Elections: Supreme People's Council—last held 28-30 October 1986 (next to be held NA); results—YSP is the only party; seats(111 total) YSP or YSP approved 111

Communists: NA

Other political or pressure groups: NA

Member of: Arab League, FAO, G-77, GATT (de facto), IBRD, ICAO, IDA, IDB—Islamic Development Bank, IFAD, ILO, IMF, IMO, ITU, NAM, OIC, UN, UNESCO, UPU, WFTU, WHO, WMO, WTO

Diplomatic representation: none; the UK acts as the protecting power for the US in the PDRY

Flag: three equal horizontal bands of red (top), white, and black with a light blue, isosceles triangle based on the hoist side bearing a red five-pointed star


Economy


Overview: The PDRY is one of the poorest Arab countries, with a per capita GNP of about $500. A shortage of natural resources, a widely dispersed population, and an arid climate make economic development difficult. The economy has grown at an average annual rate of only 2-3% since the mid-1970s. The economy is organized along socialist lines, dominated by the public sector. Economic growth has been constrained by a lack of incentives, partly stemming from centralized control over production decisions, investment allocation, and import choices.

GNP: $1.2 billion, per capita $495; real growth rate 5.2% (1988 est.)

Inflation rate (consumer prices): 2.8% (1987)

Unemployment rate: NA%

Budget: revenues $429 million; expenditures $976 million, including capital expenditures of $402 million (1988 est.)

Exports: $82.2 million (f.o.b., 1988 est.); commodities—cotton, hides, skins, dried and salted fish; partners—Japan, YAR, Singapore

Imports: $598.0 million (f.o.b., 1988 est.); commodities—grain, consumer goods, crude oil, machinery, chemicals; partners—USSR, Australia, UK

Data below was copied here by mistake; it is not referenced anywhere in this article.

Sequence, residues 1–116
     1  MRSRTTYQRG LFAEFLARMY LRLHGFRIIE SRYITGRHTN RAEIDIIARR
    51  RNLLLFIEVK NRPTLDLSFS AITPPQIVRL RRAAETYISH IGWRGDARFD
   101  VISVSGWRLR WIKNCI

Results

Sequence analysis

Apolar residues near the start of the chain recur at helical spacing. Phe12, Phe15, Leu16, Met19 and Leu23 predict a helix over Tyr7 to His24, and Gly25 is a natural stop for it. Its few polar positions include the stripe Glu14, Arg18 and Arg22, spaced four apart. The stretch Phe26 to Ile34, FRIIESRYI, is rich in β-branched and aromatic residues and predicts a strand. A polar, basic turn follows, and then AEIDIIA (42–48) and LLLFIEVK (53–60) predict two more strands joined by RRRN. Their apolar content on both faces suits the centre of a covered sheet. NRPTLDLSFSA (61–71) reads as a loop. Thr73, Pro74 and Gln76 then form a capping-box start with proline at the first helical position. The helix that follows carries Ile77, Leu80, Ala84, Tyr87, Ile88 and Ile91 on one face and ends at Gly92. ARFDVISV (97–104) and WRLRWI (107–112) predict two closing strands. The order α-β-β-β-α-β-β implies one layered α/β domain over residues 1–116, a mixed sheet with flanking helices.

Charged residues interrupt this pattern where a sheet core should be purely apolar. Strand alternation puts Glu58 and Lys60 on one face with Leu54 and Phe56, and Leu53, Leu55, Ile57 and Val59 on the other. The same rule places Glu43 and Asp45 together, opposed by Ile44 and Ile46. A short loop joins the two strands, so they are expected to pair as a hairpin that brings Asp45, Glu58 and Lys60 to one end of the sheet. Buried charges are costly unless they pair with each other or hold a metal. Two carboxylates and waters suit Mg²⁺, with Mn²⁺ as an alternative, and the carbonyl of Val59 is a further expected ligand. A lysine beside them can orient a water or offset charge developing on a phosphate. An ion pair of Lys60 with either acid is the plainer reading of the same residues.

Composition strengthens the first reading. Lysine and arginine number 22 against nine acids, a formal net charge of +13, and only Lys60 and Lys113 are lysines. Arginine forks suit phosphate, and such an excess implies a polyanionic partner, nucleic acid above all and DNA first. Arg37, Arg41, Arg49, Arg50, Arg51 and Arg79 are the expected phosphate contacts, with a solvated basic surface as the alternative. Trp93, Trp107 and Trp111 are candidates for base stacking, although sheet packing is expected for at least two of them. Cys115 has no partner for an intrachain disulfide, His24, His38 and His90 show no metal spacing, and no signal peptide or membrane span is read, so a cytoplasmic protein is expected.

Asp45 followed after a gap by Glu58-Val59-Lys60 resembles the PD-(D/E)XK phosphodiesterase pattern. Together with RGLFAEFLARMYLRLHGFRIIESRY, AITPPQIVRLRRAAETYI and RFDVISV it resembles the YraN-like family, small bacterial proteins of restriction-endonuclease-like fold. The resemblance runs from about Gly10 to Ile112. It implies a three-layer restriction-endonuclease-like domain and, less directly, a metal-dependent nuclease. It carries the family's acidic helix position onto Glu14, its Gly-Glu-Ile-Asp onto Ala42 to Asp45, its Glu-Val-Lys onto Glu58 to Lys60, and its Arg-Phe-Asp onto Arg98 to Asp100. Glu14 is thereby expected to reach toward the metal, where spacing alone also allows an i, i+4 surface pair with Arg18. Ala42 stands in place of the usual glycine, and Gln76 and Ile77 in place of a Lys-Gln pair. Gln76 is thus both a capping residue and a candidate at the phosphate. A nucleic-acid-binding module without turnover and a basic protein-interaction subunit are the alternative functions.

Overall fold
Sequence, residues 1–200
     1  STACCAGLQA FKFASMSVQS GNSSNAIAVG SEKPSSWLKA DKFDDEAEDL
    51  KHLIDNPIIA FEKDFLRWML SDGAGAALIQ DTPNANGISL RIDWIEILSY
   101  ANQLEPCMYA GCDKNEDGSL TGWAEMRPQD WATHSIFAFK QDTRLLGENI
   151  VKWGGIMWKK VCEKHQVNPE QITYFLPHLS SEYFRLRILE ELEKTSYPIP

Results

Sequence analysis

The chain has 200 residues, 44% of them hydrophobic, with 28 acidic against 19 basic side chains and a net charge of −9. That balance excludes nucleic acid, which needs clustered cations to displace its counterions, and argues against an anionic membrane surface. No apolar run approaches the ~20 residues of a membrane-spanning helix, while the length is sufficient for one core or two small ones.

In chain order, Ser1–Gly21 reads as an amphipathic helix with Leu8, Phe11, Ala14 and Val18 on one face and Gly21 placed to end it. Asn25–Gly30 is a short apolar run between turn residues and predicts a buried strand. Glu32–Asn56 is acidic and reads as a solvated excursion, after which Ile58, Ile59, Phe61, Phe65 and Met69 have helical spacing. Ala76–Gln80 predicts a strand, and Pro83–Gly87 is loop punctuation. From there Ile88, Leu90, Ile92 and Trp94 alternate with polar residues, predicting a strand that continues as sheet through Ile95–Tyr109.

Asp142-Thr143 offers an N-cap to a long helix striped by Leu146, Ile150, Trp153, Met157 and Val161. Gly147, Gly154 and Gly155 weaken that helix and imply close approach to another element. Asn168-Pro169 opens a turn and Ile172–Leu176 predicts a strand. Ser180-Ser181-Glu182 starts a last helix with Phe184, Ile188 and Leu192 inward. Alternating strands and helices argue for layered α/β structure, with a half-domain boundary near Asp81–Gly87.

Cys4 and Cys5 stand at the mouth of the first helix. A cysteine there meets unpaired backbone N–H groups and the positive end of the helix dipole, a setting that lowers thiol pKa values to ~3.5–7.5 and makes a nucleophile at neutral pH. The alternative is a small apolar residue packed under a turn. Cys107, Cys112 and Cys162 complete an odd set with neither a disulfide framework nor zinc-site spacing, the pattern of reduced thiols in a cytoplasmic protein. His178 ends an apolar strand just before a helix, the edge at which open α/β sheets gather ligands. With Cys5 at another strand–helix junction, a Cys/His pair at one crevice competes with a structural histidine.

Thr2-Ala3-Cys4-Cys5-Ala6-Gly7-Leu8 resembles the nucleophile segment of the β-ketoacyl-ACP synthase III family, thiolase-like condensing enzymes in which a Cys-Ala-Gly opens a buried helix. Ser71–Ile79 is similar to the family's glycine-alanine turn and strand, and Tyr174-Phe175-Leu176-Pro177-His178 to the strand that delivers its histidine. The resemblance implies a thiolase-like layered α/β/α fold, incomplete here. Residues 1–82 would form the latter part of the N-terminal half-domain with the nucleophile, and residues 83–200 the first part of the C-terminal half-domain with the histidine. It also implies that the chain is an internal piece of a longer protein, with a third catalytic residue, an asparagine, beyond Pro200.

External debt: $2.25 billion (December 1989 est.)

Industrial production: growth rate NA%

Electricity: 245,000 kW capacity; 600 million kWh produced, 240 kWh per capita (1989)

Industries: petroleum refinery (operates on imported crude oil); fish

Agriculture: accounts for 13% of GNP and 45% of labor force; products—grain, qat (mildly narcotic shrub), coffee, fish, livestock; fish and honey major exports; most food imported

Aid: US commitments, including Ex-Im (FY70-80), $4.5 million; Western (non-US) countries, ODA and OOF bilateral commitments (1970-87), $241 million; OPEC bilateral aid (1979-89), $279 million; Communist countries (1970-88), $2.2 billion

Currency: Yemeni dinar (plural—dinars); 1 Yemeni dinar (YD) = 1,000 fils

Exchange rates: Yemeni dinars (YD) per US$1—0.3454 (fixed rate)

Fiscal year: calendar year


Communications


Highways: 11,000 km; 2,000 km bituminous, 9,000 km natural surface (est.)

Pipelines: refined products, 32 km

Ports: Aden, Al Khalf, Nishtūn

Merchant marine: 3 ships (1,000 GRT or over) totaling 4,309 GRT/6,568 DWT; includes 2 cargo, 1 petroleum, oils, and lubricants (POL) tanker

Civil air: 8 major transport aircraft

Airports: 42 total, 29 usable; 7 with permanent-surface runways; none with runways over 3,659 m; 11 with runways 2,440-3,659 m; 10 with runways 1,220-2,439 m

Telecommunications: small system of open-wire, radio relay, multiconductor cable, and radio communications stations; 15,000 telephones (est.); stations—1 AM, no FM, 5 TV; satellite earth stations—1 Indian Ocean INTELSAT, 1 Intersputnik, 1 ARABSAT; radio relay and tropospheric scatter to YAR


Defense Forces


Branches: Army, Navy, Air Force, People's Militia, People's Police

Military manpower: males 15-49, 544,190; 307,005 fit for military service

Defense expenditures: NA